Synopsis by Janiss Garza
William Desmond Taylor's final film -- a poorly paced, overly sentimental romance -- only proves that if he had not been the victim of an unsolved murder, his name would likely have faded into the far reaches of silent-cinema history. Although as a human being he apparently had many admirers (one of them was the star of this picture, May McAvoy; another was set designer George Hopkins, who wrote the scenario), his directing skills were rarely more than competent. For some reason, he had the brunette McAvoy wear a blonde wig as Hilda O'Shaunnessy, which detracted from her good looks. Hilda lives in a tenement apartment with her aunt, Mrs. Brady (Carrie Clark Ward), and her crippled younger brother Micky (Pat Moore), and works in a department store where her boss lusts after her. But happiness comes into her life when she meets artist Emery Gray (Walter McGrail). Gray's wife deserted him long ago, leaving him with their daughter Susan (Mary Jane Irving) to raise. While Susan and Micky become playmates, Hilda restores Gray's faith in womanhood. He offers to pay for an operation for Micky and also puts to rout the wicked boss -- who turns out to be the man who stole his wife.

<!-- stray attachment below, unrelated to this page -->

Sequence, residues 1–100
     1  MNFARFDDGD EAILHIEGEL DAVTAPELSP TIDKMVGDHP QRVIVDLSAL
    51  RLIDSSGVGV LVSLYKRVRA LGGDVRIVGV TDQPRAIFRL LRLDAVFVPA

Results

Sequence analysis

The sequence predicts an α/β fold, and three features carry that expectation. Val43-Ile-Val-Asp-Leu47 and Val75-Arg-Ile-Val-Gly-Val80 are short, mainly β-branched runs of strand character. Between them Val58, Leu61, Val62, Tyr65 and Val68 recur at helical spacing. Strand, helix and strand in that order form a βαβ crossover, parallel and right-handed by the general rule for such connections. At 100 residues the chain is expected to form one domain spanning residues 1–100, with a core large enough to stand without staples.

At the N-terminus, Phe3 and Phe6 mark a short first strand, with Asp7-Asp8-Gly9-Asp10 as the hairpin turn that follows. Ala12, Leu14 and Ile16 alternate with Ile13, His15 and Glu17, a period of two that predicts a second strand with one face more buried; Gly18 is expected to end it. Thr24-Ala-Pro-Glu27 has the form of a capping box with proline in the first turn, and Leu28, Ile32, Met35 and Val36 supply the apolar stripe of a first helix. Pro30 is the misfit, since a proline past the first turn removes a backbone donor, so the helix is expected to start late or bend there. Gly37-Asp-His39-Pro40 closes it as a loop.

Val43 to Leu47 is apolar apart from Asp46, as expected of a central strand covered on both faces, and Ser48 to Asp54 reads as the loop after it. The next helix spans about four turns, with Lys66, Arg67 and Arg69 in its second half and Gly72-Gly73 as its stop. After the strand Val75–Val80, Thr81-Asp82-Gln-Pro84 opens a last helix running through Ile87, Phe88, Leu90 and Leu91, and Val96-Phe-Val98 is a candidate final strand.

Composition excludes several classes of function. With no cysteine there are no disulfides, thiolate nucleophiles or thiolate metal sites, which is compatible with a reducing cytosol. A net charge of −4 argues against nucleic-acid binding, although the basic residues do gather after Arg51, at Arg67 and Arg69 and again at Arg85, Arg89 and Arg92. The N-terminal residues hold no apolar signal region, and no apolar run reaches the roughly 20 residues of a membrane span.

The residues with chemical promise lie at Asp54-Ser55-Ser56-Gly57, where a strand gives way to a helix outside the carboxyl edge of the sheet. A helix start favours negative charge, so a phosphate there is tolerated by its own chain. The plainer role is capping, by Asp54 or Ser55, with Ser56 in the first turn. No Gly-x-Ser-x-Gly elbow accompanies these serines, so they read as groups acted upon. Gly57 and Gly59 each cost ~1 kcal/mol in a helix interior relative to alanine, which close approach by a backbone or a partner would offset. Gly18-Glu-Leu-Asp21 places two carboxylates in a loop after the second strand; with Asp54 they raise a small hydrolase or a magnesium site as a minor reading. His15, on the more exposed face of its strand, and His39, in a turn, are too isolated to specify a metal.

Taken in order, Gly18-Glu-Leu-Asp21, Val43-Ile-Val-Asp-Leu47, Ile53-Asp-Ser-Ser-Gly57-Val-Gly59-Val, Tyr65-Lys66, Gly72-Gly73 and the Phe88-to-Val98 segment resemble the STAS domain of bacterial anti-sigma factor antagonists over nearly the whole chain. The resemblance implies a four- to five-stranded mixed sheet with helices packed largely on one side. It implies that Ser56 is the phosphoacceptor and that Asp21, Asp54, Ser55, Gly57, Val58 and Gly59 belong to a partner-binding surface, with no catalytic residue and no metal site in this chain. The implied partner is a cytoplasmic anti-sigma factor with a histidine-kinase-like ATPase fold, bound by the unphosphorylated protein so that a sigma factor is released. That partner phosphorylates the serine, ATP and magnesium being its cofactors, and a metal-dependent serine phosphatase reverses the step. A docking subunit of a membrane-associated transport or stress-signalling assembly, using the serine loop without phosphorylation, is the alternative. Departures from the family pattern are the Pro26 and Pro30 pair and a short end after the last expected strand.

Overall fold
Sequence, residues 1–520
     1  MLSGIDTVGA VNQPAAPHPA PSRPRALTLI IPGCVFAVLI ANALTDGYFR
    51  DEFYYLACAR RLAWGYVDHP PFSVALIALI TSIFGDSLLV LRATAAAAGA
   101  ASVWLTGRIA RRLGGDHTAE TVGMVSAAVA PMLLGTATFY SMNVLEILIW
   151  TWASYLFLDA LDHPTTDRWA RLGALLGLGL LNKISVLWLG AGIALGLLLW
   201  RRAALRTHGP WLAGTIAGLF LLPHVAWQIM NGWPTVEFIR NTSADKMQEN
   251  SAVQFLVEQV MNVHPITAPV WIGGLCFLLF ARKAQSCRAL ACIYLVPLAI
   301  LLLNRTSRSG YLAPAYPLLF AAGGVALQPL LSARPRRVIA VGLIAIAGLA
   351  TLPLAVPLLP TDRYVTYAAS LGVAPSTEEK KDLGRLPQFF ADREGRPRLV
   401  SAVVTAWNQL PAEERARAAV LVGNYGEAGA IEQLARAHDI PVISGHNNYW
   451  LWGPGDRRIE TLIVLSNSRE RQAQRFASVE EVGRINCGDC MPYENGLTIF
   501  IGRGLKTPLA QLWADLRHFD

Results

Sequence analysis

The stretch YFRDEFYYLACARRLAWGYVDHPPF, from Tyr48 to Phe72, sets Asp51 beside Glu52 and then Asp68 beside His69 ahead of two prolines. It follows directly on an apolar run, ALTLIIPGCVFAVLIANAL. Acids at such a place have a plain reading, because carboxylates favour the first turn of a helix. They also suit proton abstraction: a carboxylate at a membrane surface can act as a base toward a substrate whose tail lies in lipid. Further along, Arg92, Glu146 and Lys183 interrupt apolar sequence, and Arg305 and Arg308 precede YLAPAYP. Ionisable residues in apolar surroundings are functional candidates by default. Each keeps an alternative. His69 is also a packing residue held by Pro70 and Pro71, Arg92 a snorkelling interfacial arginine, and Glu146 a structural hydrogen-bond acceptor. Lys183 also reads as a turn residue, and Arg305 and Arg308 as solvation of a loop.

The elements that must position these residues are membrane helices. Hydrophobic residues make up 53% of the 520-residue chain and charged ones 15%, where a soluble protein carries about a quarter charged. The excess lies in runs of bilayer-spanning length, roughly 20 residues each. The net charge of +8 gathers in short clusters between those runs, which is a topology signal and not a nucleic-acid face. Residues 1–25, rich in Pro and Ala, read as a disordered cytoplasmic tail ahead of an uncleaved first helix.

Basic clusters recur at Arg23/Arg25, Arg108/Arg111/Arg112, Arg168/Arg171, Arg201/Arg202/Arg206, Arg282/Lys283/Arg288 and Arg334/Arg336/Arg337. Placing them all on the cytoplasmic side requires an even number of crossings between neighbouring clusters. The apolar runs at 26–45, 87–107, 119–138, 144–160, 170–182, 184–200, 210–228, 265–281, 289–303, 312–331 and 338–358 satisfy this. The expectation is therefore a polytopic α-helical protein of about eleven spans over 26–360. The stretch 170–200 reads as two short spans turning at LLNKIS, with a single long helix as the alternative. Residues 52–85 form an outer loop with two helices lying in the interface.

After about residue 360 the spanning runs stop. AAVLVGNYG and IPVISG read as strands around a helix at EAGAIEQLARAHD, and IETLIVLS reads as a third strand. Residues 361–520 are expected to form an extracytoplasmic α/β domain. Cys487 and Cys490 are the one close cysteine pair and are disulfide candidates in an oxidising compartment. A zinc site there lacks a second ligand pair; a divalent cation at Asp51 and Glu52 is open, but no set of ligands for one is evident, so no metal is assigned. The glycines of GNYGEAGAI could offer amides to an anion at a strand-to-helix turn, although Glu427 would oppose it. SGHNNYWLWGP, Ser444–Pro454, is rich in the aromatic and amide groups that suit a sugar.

guilt, love, marriage, rescue, sexual-harassment, suicide